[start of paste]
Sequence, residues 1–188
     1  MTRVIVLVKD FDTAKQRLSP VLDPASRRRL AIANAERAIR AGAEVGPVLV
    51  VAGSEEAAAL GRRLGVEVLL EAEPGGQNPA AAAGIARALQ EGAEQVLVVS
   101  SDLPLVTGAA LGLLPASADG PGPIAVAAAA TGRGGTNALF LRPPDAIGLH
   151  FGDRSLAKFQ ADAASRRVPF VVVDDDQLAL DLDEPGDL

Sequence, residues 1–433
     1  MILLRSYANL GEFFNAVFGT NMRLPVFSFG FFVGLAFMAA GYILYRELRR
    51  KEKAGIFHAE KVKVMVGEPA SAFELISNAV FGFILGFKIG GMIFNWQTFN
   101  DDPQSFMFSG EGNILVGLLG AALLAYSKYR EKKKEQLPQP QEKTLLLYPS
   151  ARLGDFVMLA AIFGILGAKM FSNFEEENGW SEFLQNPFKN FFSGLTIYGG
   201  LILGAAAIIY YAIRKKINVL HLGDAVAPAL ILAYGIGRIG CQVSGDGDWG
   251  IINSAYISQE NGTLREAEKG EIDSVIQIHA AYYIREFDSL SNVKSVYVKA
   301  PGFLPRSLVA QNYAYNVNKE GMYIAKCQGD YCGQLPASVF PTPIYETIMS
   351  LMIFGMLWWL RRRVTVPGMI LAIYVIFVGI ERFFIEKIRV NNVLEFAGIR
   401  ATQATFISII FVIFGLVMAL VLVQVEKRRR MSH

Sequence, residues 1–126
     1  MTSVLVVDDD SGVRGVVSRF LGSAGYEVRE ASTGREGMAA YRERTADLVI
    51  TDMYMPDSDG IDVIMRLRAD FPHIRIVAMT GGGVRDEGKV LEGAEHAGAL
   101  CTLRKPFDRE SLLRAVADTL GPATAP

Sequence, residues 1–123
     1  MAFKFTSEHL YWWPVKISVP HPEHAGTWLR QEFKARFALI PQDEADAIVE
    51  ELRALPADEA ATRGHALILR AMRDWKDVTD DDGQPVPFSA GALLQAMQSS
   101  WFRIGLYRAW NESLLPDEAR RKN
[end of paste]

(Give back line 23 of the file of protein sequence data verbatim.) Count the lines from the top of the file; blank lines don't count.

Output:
   101  WFRIGLYRAW NESLLPDEAR RKN